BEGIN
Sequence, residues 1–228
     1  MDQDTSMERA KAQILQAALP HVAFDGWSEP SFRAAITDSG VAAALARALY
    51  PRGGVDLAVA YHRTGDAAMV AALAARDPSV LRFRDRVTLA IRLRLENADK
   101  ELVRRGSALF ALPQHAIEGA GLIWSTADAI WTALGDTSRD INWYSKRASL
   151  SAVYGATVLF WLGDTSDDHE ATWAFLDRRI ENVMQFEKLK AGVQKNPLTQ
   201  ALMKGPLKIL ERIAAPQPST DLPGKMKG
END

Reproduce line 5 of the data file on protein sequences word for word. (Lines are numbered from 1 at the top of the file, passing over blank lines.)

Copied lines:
   151  SAVYGATVLF WLGDTSDDHE ATWAFLDRRI ENVMQFEKLK AGVQKNPLTQ